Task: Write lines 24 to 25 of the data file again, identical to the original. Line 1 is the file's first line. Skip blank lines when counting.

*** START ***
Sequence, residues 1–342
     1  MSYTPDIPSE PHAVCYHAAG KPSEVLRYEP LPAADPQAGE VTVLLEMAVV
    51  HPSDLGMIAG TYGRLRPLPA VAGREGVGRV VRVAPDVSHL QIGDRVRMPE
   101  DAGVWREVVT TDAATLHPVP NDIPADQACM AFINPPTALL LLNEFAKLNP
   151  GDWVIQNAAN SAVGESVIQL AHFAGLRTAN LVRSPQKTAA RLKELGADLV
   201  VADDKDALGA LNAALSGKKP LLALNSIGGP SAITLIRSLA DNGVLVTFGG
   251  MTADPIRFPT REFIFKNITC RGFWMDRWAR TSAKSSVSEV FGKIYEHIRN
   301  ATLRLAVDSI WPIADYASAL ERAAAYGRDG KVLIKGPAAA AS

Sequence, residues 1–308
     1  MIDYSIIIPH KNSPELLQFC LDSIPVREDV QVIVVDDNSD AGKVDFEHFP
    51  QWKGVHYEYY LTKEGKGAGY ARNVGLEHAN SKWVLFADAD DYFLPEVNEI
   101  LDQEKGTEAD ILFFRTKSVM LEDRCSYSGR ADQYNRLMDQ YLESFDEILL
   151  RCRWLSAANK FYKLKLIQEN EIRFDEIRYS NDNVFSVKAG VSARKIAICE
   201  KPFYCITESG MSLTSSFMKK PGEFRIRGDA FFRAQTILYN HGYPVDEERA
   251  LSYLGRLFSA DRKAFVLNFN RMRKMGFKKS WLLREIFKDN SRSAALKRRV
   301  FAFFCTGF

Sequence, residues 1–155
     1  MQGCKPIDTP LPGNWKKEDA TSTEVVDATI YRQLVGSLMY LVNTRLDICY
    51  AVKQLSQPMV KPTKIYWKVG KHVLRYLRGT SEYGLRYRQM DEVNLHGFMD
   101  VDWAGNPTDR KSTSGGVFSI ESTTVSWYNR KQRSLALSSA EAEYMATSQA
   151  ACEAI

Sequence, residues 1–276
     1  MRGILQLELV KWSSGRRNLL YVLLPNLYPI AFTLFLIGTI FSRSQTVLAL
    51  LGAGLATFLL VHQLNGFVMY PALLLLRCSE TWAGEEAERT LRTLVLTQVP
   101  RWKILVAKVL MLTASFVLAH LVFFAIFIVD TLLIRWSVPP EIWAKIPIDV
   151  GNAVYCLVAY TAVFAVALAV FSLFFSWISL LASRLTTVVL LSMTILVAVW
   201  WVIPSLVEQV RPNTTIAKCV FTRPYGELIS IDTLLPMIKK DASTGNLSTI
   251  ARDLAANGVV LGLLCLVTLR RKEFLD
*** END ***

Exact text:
    51  LGAGLATFLL VHQLNGFVMY PALLLLRCSE TWAGEEAERT LRTLVLTQVP
   101  RWKILVAKVL MLTASFVLAH LVFFAIFIVD TLLIRWSVPP EIWAKIPIDV